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Posted by on in Paths Blogs
A Gift from Freya

Pictured here is the most recent addition to my spiritual souvenirs shrine. This is the story of how it appeared in my life and what it means to me.

Cats. To understand this story, one must know that among other things, Freya is a goddess of cats. Also, love and sex, and that is why the heart symbol is one of her symbols. She is also a goddess of war, but that's not relevant to this tale.

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Recent Comments - Show all comments
  • Erin Lale
    Erin Lale says #
    That's a nice saying, I like it.
  • Anthony Gresham
    Anthony Gresham says #
    In "The Three 'Only' Things" Robert Moss says that: "a coincidence is a meaningful convergence of inner and outer experience." Th
No, the Patriarchy Didn't Steal Friday the 13th

There's an article circulating on the net claiming that "before patriarchal times" Friday the 13th was a sacred day for women to honor the goddess and to celebrate their menstrual cycles. However, the time period generally considered "before patriarchy" was the stone age in Europe when goddess figurines like the Venus of Willendorf were made, that is, 7,000 BCE to 9,000 BCE, and / or pre-Minoan Crete, before approprixately 3,000 BCE, which was also the stone age. Friday the 13th didn't exist before the application of Germanic derived week names to a Roman-derived calendar system, which did not happen before approximately AD 200.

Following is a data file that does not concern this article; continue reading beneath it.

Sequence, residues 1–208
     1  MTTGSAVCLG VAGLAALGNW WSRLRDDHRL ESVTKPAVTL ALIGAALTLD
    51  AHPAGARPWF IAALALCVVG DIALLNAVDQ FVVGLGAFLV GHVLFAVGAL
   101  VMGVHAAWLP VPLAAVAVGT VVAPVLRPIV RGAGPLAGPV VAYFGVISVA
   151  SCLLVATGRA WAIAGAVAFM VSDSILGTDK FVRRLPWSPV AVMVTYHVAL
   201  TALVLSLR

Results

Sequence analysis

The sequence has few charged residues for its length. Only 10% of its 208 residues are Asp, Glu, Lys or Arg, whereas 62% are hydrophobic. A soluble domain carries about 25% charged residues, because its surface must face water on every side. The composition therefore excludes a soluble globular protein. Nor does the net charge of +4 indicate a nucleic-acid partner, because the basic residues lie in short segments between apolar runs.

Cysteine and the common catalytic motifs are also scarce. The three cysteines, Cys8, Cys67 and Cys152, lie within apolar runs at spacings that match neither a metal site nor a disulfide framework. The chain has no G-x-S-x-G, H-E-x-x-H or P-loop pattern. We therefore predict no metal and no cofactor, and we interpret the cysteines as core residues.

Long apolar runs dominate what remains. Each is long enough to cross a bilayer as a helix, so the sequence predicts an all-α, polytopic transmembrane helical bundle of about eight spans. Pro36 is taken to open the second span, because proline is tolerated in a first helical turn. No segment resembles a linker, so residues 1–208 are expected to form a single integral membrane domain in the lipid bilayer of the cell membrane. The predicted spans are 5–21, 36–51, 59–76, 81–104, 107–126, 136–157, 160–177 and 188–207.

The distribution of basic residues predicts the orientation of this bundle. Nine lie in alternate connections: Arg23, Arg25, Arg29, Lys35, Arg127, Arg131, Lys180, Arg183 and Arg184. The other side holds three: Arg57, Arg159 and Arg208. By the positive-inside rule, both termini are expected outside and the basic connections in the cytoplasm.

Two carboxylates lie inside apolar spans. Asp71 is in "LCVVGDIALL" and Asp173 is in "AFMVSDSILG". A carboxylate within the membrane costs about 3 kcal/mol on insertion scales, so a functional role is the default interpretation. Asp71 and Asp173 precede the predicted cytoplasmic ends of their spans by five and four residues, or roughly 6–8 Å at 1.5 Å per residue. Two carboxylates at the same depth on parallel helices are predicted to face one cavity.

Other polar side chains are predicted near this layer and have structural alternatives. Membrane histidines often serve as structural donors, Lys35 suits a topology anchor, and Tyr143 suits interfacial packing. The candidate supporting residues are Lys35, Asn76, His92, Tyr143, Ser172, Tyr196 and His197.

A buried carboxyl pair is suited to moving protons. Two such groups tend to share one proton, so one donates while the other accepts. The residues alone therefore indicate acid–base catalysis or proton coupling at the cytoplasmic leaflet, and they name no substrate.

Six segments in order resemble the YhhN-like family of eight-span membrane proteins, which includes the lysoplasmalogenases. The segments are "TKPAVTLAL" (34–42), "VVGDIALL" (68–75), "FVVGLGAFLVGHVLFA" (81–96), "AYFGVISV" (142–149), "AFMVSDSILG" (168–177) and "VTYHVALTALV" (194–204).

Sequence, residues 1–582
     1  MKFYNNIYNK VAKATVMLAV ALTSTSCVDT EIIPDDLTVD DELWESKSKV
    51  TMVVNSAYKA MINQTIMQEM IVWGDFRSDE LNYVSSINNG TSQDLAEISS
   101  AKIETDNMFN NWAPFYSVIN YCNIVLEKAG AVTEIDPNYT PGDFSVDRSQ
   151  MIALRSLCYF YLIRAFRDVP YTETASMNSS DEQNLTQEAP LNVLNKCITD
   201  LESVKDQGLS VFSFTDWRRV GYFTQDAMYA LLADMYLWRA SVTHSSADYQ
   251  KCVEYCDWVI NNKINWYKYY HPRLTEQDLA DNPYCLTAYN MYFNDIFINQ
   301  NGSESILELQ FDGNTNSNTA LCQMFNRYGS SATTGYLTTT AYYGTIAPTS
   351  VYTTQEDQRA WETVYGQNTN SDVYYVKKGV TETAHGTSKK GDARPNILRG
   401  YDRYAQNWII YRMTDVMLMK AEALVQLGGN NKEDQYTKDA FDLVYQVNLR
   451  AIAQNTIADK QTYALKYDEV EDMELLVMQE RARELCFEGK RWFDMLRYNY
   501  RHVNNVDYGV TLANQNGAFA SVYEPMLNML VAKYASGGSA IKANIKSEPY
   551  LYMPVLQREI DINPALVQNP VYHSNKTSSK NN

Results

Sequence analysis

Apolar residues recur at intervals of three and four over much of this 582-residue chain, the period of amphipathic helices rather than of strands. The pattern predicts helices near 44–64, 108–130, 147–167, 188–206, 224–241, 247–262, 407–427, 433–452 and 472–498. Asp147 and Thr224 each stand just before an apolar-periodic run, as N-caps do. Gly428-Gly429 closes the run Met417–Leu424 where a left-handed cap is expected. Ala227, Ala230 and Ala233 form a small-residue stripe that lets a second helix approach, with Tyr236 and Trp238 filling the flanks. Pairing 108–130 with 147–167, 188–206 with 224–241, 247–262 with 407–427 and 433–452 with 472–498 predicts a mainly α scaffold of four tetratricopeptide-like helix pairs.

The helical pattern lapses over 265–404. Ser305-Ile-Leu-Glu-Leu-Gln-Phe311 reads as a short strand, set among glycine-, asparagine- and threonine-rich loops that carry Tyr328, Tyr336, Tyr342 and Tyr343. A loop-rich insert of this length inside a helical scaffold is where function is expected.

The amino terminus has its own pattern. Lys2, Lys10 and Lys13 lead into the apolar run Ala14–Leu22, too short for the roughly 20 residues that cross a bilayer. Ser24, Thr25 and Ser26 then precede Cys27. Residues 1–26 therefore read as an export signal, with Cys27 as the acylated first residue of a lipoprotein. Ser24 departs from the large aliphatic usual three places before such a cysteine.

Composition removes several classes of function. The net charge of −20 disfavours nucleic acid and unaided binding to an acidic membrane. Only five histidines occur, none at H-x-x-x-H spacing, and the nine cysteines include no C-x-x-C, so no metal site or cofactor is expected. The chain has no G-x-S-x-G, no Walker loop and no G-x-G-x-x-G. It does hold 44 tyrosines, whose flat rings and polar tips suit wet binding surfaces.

The "fri" in Friday is from the names of heathen goddesses Freya or Frigga, and the artwork illustrating your article is Freya. These are two of the major goddesses of heathenry, commonly called Norse mythology. The Old Norse calendar had every month starting on Sunday, and every month had 30 days (with some extra days added in the middle of summer) so days of the week didn't change number every month like our calendar does.

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Posted by on in Paths Blogs

Given to Sigyn

This is how I was given to Sigyn earlier this year. It was my first time using my lavender extract that I made from the lavender I grew in my garden. At the time, I didn't know that I was about to need my connection to Sigyn to be very strong, because I was about to take on increased responsibilities as a family caregiver. 

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Posted by on in Paths Blogs

Planning a ritual, I was thinking about what sort of drink to offer to specific gods, and listening inwardly to see if my plans were acceptable. Freya said she wanted rose.

I had gotten into the habit of smelling the pink rose in the front yard for Freya. It's an antique breed with a wonderful scent. I clarified: Did she want more of that? Yes, that rose. To cut the flowers and bring them inside? No. To eat.

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Recent Comments - Show all comments
  • Erin Lale
    Erin Lale says #
    After I posted this, I received an ad for the opening of a new grocery story in my town. I just went to it and they have the Fenti
  • Anthony Gresham
    Anthony Gresham says #
    I remember seeing a recipe for candied violets. I think the same thing can be done with rose petals.